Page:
Top tinnitus resources you might have missed

By Judith Vonberg

The internet is awash with tinnitus tips and tricks, some more trustworthy than others. Whether you have tinnitus or you’re a clinician looking to support your tinnitus patients, it can be difficult to navigate.

We wanted to help. So we asked clinical experts and people with tinnitus to tell us what tools and resources they find useful. The result is the list below – a curated selection of websites, forums, videos, interactive tools, apps, and training options. It’s far from comprehensive, but designed instead to give you a jumping off point to learn more, find support, and move forward on your tinnitus journey.

Have a browse, share the list with others, and tell us what you think.

Information and support

Check out the websites of Tinnitus UK, the American Tinnitus Association, and Soundfair for information about tinnitus, online forums, and lists of support groups. And read this research on the benefits of tinnitus support groups. Spoiler: they help people share knowledge, feel connected, and become more resilient.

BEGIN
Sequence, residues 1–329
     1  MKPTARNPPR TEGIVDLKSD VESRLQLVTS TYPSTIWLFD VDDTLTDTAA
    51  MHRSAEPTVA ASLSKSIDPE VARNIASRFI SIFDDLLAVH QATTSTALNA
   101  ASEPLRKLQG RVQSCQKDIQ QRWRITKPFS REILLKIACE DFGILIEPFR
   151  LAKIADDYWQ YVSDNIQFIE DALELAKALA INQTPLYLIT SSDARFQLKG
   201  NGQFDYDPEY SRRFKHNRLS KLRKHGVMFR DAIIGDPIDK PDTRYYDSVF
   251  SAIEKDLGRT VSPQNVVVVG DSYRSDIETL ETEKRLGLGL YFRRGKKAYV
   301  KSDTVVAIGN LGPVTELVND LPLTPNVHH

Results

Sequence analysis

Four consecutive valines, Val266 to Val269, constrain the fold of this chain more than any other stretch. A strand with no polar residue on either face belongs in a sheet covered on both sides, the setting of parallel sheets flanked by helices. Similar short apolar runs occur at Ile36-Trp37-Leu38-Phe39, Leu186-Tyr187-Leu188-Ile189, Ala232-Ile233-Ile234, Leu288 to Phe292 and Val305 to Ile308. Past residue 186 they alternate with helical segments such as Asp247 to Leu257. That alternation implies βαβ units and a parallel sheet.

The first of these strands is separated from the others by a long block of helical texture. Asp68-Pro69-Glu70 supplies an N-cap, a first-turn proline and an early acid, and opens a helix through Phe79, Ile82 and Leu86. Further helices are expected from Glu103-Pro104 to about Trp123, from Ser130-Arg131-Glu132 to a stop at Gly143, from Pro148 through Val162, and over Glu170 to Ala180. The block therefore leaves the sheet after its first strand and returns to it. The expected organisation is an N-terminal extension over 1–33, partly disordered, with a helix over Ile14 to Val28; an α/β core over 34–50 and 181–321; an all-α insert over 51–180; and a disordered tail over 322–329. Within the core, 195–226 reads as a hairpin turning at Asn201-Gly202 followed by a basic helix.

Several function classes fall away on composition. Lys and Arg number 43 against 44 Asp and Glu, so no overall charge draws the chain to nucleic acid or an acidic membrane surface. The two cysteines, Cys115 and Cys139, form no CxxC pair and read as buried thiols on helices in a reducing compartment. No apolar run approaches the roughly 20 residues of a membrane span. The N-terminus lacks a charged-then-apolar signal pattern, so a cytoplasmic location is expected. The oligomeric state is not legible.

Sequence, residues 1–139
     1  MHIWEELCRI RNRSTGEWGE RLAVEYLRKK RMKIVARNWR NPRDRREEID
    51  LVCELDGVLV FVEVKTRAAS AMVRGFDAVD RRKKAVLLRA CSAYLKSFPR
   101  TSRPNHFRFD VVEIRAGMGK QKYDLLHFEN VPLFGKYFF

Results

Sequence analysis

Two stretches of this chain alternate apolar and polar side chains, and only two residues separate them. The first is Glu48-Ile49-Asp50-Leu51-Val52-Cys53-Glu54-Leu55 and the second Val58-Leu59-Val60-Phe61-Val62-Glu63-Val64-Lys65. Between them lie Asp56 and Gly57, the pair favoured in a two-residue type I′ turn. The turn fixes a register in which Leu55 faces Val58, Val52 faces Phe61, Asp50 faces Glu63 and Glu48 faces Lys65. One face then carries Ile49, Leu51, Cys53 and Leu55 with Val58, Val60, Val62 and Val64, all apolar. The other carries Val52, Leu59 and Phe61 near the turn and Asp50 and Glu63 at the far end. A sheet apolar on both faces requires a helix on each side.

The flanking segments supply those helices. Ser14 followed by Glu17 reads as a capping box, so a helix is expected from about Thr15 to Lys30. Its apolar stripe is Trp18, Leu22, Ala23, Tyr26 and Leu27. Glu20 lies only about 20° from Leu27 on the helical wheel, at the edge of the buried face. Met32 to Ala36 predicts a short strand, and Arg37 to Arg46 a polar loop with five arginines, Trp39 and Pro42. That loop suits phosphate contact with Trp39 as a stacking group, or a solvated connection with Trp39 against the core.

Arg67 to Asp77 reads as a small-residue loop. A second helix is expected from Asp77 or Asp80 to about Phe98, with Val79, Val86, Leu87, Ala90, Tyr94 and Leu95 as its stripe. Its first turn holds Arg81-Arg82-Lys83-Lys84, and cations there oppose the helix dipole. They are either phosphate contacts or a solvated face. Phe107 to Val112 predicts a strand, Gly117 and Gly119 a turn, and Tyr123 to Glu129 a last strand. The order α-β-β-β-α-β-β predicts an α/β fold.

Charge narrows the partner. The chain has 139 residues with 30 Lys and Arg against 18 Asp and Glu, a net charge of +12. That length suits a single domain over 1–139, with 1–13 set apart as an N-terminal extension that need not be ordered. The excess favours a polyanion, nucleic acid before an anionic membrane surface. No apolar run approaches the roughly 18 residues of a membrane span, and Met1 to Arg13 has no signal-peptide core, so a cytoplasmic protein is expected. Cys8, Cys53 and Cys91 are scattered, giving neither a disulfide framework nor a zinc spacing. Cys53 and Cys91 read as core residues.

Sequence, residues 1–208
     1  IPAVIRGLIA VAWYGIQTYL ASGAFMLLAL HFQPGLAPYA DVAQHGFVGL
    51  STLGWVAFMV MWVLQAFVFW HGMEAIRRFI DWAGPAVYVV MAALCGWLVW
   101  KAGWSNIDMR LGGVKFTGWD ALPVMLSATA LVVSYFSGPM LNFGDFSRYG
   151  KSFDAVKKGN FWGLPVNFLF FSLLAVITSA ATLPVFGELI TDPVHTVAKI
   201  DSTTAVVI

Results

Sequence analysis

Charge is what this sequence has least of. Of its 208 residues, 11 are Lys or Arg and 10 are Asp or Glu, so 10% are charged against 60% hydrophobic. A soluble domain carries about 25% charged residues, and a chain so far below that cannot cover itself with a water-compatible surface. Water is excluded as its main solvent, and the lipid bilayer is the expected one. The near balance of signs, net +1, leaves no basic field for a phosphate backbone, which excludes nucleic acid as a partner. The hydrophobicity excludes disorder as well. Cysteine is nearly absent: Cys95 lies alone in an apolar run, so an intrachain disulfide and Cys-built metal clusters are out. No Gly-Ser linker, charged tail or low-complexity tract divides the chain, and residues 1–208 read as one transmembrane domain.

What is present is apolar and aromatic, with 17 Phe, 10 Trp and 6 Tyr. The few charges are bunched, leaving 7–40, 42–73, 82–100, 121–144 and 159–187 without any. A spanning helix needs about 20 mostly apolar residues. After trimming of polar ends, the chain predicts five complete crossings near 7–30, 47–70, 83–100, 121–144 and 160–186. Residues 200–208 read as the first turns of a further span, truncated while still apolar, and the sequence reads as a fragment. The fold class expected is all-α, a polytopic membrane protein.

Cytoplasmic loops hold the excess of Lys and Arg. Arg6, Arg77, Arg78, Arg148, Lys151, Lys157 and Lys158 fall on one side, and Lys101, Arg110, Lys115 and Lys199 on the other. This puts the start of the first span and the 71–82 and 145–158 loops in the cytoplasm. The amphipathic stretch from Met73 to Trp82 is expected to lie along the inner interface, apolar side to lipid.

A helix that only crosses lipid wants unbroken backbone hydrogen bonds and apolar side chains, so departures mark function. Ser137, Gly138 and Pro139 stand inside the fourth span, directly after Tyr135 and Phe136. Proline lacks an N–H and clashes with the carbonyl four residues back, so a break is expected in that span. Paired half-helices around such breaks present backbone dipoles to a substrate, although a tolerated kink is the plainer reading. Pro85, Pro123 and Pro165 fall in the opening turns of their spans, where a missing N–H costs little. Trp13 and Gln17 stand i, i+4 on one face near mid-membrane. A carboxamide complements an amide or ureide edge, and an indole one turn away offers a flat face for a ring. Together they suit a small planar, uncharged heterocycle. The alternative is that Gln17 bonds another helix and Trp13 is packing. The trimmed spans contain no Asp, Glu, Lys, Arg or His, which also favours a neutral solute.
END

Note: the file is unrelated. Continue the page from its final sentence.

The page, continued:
• Decision Aid: One-page PDF to help clinicians and their patients make decisions together on treatments or strategies, developed by Aston University, UK, and the British Tinnitus Association (now Tinnitus UK)
  • The CBT for Tinnitus E-Programme: One-to-one support and cognitive behavioral therapy online, by hearing therapist and psychotherapist Debbie Featherstone, UK
  • Oto: An app offering online therapy and personalized support, developed by tinnitus experts
  • Progressive Tinnitus Management resources: Practical resources for clinicians and patients, developed by the National Center for Rehabilitative Auditory Research, USA
  • Ida Tinnitus Tools: An online or PDF tinnitus thermometer for patients to communicate how they’re experiencing and coping with their tinnitus, a guide to help clinicians communicate effectively and empathetically, plus videos of patients, audiologists, and clinical encounters

Guidelines and training (for clinicians)

With thanks to Anna Pugh, Helen Pryce, Paula Myers, Shari Eberts, and Sue Falkingham.

Note: Inclusion on the list does not mean endorsement by the Ida Institute.